In the documentary film Freedom Riders, which I watched yesterday, there are frequent interviews with John Patterson who was the governor of Alabama at the time of the Freedom Rides. He was a segregationist, and his refusal to provide protection for the Freedom Riders allowed them to be beaten severely by white mobs. The interviews are curious. He comes off as intelligent and he speaks frankly and unapologetically about the time. He is never put on the spot by the interviewer. One comes away from the film curious about his current views. (He was in his late 80s when the film was made.) I looked him up and it turns out that he renounced his segregationist views a long time ago. (I wonder why he wasn’t given the opportunity to say so.) He insists, and of course he’s right, that in those days being in favor of integration in a place like Alabama was political suicide. Even more interesting, in 2008 he endorsed Obama for president. The Freedom Riders were not supported initially by the Civil Rights establishment—including Martin Luther King. It was thought they were pushing things too far, too fast. In the end they won. I think their pacifist stand had a lot to do with it. They were young, and many people thought them hopelessly naive. But they had courage, good hearts, a good sense of humor, and smart tactics. When Mississippi tried to intimidate the Freedom Riders by locking them up in the notoriously severe Parchman Prison rather than in a relatively easy city jail, the Freedom Riders said, “Okay, let’s fill the prison with so many of us that putting us in prison becomes a huge hassle for the state of Mississippi.” And they did it. They sent hundreds of volunteers—black, white, men, and women—down to break the segregation laws, and Mississippi was overwhelmed by it all. The Freedom Riders are true heroes, not the fakes who get passed off as heroes nowadays.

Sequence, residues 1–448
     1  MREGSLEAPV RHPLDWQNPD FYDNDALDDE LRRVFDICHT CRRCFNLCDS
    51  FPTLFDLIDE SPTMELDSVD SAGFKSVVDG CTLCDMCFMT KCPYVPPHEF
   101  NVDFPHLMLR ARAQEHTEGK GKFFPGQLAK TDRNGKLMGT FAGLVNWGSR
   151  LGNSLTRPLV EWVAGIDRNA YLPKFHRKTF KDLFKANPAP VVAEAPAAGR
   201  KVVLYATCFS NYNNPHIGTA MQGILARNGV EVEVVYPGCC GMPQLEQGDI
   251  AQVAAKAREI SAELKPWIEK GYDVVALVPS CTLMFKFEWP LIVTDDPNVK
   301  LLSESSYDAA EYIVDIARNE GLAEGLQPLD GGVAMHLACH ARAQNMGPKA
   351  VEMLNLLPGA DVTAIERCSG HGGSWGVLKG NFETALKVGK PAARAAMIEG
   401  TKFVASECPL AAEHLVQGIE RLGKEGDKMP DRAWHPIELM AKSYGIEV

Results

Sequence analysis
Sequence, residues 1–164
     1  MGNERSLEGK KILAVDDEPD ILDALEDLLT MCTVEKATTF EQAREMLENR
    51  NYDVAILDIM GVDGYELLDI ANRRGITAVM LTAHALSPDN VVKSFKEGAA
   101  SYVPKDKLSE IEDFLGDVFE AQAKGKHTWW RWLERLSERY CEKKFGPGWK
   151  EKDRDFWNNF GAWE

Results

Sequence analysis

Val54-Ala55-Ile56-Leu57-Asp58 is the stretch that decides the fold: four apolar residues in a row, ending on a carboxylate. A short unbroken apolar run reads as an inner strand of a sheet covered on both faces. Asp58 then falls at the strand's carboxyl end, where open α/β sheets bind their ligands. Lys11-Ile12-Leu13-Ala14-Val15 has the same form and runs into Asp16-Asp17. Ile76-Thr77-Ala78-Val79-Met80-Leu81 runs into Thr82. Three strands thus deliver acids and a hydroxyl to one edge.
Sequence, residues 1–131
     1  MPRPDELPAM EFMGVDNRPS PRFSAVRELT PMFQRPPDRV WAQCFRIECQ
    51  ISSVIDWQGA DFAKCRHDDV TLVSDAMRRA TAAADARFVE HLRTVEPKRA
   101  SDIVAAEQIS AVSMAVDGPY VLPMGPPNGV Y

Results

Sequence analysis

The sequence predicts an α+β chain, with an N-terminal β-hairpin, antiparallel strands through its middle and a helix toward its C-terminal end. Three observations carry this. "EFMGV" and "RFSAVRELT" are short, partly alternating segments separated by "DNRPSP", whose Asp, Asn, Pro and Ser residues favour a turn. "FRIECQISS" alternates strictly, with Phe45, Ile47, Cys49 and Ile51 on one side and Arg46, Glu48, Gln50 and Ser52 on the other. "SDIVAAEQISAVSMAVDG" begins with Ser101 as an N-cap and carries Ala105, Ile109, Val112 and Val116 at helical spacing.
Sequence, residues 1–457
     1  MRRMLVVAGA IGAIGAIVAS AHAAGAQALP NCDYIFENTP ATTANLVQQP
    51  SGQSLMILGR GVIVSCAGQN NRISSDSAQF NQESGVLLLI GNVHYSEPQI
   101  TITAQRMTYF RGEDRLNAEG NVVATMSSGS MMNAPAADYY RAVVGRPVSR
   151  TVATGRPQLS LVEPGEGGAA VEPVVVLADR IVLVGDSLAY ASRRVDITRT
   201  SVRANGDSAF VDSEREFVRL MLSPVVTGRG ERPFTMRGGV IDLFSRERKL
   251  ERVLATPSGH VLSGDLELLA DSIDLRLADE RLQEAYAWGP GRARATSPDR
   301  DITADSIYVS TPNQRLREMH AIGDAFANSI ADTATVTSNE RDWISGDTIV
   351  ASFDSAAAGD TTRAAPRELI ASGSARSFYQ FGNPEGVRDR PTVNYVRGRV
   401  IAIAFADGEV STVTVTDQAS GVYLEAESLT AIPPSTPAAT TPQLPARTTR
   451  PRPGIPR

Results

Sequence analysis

Archive for November, 2012
I recently received an email from someone in Canada who wanted to know why I had supported Obama’s reelection. He is angry with Obama and cited, specifically, Obama’s use of drones and his caving in to the Wall Street bankers. My answer to him was, yes, well…better him than the horror that was Romney. After watching a documentary on the Freedom Riders of the early 1960s, I’m reminded of another reason, a reason that I was well aware of in 2008, but less so this time around. Namely: It is so good for this country to have as president someone who is not lily-white—and who was re-elected to boot. That’s a fundamental and forever change, I think. And that’s good enough for me.
Like a lot of people, I think, I feel more relieved than celebratory after the election. Basically, we’re back at square one, except that the Republicans are pretty much in a situation where they have to abandon their tactics of confrontation and obstruction. They failed in their bid to destroy Obama, to make him a one-term president. I don’t think most people want another four years of their intransigence. The one aspect of the election that cheers me is the very real possibility that the Republican strategy of depending on the angry white male voter has finally reached a dead end. This is a common theme in all the commentary I’ve been reading. It all began back in 1968 with Nixon’s “Southern Strategy,” a transparently, if not openly, racist approach. They’ve been tweaking it ever since. But it may finally be dead, dead, dead. Thank God! (Demographically speaking, I am a white male, a taxpaying, home-owning WASP. But I’m not angry.)
In the last two or three weeks I’ve been distracted by the election. Now I can get back to work in earnest. I haven’t done any final-draft level writing in ten years. It feels good to be back in the saddle. I’m satisfied with how it’s going.
An addendum a few hours after posting: No one knows really knows which way the wind will blow, but the Republicans are actually talking intransigence. For them it’s apparently got to be either victory or self-immolation.